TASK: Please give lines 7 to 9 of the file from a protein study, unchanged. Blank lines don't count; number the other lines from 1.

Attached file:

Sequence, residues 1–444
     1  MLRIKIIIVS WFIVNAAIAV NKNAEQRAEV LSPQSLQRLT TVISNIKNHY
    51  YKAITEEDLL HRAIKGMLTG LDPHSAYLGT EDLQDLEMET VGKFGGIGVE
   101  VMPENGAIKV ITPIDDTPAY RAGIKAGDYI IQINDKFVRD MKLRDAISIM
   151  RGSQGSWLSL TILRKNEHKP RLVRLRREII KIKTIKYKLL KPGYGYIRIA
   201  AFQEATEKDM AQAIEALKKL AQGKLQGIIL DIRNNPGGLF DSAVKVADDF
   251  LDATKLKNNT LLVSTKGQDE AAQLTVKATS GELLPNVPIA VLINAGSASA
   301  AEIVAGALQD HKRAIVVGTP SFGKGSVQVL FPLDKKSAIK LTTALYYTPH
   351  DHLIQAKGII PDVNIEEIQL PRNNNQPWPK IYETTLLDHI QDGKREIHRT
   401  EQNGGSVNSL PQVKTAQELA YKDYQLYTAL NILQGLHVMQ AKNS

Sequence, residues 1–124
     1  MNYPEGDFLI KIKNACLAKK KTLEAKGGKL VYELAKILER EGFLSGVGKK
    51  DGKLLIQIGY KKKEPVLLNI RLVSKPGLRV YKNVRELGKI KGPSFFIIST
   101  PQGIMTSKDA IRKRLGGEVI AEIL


   251  LDATKLKNNT LLVSTKGQDE AAQLTVKATS GELLPNVPIA VLINAGSASA
   301  AEIVAGALQD HKRAIVVGTP SFGKGSVQVL FPLDKKSAIK LTTALYYTPH
   351  DHLIQAKGII PDVNIEEIQL PRNNNQPWPK IYETTLLDHI QDGKREIHRT